The Portfolio Committee on Information, Media and Broadcasting Services has made a recommendation to the Broadcasting Authority of Zimbabwe (BAZ) to lower fees for community radio licenses and ease the financial burden for applicants by October 2022.
This was after the committee went on a benchmarking visit to Kenya last year to take notes regarding the legislation and operationalisation of community radio stations.
BAZ recently licensed 14 community radio stations, which are yet to be fully operational.
According to the media portfolio committee, in Kenya, Free-to-Air Community Radio Stations are licensed for a period of 10 years and they pay an application fee of US$9, an initial license fee of US$132 and an annual operation fee of US$132.
“They also have free-to-air community televisions which pay an application, initial license and annual operation fees of US$9 and US$263 respectively,” said Sipho Mokone, Chairperson of the committee while presenting their findings before Parliament on Tuesday.
“The delegation was informed that they benchmarked the fees with other countries and their fees were very low and affordable to the licensee as they were paid on an annual basis.”
In Zimbabwe, community radio stations pay an application fee of US$321, a basic license fee of US$646 per annum and a monthly frequency fee of US$26 per month.
Mokone said the committee noted with great concern that the license fees for community Radio Stations in Zimbabwe are very exorbitant as compared to those paid in Kenya.
“This was evidenced by late payment of application fees by the licensees within the initial deadline given by BAZ,” he said.
The committee noted out of 186 FM radio stations, Kenya has 42 community radio stations.
“With a population of about 47 million in Kenya, radio is regarded very highly for both urban and rural populations, with 95 percent of rural and 94 percent of urban respondents having access in the home,” Mokone said.
In Zimbabwe, licensing and operationalisation of community radio stations is provided for in the Broadcasting Services Act (Chapter 12:06) which is yet to be amended and the Statutory Instrument 39 of 2020.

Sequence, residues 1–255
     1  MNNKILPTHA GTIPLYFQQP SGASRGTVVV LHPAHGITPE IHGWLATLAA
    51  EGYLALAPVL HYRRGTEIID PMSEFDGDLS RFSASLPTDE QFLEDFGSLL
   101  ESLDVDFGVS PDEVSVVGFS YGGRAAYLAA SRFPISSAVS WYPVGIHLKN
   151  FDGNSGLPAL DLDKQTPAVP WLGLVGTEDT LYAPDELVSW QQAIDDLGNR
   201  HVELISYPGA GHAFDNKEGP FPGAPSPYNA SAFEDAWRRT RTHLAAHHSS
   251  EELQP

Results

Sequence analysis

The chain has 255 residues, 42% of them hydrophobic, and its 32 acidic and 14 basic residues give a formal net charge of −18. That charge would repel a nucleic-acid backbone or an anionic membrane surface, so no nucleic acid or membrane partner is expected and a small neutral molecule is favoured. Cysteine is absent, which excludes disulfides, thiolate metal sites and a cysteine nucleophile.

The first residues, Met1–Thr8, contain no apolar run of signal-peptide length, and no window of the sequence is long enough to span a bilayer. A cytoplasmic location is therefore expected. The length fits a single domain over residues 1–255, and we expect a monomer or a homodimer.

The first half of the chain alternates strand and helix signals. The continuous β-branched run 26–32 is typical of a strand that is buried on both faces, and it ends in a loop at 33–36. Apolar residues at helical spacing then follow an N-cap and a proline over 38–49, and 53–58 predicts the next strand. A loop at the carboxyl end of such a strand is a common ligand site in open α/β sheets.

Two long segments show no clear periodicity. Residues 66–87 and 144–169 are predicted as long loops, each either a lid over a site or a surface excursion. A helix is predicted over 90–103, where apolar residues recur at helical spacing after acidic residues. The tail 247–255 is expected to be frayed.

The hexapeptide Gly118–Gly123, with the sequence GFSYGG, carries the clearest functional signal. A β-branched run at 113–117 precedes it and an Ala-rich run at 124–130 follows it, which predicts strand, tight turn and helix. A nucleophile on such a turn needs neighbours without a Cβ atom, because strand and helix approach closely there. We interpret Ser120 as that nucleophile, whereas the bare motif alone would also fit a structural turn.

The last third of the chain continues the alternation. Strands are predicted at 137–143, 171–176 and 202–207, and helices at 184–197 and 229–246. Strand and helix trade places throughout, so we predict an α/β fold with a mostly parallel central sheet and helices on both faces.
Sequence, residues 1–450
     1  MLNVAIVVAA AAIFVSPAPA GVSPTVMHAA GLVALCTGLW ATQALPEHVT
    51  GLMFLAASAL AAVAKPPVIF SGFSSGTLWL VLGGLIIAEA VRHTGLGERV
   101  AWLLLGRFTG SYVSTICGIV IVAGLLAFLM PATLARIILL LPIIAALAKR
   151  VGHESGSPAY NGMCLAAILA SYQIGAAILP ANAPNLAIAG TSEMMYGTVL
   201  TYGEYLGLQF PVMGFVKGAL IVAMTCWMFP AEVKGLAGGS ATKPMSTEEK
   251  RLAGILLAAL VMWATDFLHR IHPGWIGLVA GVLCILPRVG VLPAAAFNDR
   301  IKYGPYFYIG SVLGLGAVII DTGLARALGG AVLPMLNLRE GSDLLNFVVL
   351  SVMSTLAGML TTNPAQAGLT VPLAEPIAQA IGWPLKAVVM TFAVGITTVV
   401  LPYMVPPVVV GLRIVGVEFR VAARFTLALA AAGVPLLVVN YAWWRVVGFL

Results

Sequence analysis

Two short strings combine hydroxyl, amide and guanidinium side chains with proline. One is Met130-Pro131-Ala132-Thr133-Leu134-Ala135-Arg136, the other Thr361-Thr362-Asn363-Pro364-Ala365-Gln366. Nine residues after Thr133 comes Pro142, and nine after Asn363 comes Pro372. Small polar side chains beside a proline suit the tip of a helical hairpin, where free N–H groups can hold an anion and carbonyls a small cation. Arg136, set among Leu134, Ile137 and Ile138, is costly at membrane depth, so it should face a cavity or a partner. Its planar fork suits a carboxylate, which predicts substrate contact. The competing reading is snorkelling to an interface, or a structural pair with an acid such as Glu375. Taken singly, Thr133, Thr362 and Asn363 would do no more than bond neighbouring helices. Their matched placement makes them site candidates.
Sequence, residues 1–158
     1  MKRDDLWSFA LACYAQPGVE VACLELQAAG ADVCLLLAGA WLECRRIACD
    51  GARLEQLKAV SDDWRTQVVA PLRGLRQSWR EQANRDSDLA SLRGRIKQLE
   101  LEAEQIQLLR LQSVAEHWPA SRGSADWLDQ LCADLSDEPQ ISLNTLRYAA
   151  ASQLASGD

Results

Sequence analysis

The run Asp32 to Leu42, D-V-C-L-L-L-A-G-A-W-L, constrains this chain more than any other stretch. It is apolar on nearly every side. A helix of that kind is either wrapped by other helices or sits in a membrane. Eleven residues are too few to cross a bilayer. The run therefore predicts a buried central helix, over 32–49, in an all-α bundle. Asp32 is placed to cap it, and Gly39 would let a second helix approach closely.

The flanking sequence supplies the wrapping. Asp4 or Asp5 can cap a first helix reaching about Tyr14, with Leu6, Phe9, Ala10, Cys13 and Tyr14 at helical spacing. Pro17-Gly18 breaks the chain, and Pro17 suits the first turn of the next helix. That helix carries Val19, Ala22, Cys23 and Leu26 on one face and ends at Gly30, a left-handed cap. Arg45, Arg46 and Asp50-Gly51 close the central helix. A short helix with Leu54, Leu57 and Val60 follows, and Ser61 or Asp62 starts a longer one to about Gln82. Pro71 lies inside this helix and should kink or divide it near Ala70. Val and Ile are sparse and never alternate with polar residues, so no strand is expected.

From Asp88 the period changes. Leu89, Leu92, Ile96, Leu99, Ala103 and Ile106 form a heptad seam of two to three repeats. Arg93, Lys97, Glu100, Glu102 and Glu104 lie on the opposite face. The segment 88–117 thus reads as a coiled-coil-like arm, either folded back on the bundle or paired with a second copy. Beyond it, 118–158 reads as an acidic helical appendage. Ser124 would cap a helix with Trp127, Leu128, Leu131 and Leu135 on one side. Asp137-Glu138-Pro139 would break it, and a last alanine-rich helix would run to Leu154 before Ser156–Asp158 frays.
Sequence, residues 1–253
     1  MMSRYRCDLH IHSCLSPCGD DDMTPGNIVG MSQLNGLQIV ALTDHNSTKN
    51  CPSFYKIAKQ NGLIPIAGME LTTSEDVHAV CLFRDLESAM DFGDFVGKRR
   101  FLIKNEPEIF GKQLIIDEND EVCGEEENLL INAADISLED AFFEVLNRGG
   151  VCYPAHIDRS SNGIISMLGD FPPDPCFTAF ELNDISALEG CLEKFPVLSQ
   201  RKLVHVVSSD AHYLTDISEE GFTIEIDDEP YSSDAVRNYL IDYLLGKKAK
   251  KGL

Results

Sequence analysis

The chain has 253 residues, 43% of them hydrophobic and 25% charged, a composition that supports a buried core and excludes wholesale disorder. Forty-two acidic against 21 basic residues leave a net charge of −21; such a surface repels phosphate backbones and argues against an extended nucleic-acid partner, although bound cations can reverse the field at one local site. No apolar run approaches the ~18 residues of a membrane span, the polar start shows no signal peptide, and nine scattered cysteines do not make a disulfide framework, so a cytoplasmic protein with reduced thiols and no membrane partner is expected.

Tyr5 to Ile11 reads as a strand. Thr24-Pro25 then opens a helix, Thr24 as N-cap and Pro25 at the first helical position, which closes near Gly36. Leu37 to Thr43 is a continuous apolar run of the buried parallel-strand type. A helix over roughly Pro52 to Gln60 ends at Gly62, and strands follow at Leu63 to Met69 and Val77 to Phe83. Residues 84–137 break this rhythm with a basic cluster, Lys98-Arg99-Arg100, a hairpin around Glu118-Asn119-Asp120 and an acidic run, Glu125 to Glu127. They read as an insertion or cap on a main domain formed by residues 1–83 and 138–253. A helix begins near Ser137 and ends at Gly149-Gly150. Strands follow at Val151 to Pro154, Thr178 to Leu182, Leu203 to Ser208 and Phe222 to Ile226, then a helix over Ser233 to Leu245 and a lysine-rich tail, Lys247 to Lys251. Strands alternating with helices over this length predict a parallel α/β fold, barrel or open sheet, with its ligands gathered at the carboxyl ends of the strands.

The Statutory Instrument provides factors to be considered when granting licenses for community radio stations and these are similar to that in Kenya except that in Zimbabwe, community radio stations are required to provide source and proof of funding of the broadcasting Services.
On the same breadth, Mokone suggested the Ministry of Information, Publicity and Broadcasting Services must review the Broadcasting Services Act in order to include a provision that outlines the legal parameters for the source of funding for community radio stations by December 2022.
“The delegation learnt that in a majority of cases, the funding for community radio stations in Kenya came from outside sources in the forms of grants and donations, as opposed to membership fees contributed by the community,” Mokone said.
In Zimbabwe, only foreign donations and contributions are prohibited and any funding model is permissible.
“In most cases, funding comes from the community through membership fees and donations. However, the regulations permit community radio licensees to come up with sponsored programmes for the sustenance of the Radio Station,” said Mokone.
Nevertheless, the delegation noted that funding of Kenyan community radio stations through grants and foreign donations has some negative impact on their operation.
Mokone said the delegation noted the legal definition of community in the Kenyan broadcast legislation is flexible and allows for various groups of people to apply for a community media license as long as they could demonstrate shared interests.
“BAZ’s current definition of a community was determined solely by geography, yet within a specific geography there are multiple communities with different interests,” he said.
Other recommendations made by the media committee are that BAZ should consider the community of interests of the persons applying for the licence when licensing community radio stations by October 2022 and that the media ministry should establish a Media Council that will provide a code of conduct for community radio journalists to deal with issues of biased reporting by Community Radio Stations by December 2022.
“BAZ should provide a platform of online application for Community Broadcasting licensing by November 2022,” Mokone said, noting that they observed that setting up community radios were made easier by the fact that Kenya was fully digitised.
“Through the Broadcasting Fund, the Ministry of Information, Publicity and Broadcasting Services should provide financial and technical support to community radio stations by September 2022.”
Mokone said BAZ should put in place effective mechanisms to monitor community radio stations and make sure funds generated from the operations are reinvested in activities benefiting the community by November 2022;
“Additionally, the Ministry should come up with laws that will discourage interference on ownership and programming by these organisations by December 2022 and the Ministry of Information, Publicity and Broadcasting Services should come up with laws that discourage broadcasting of hate speech by December 2022,” he said.
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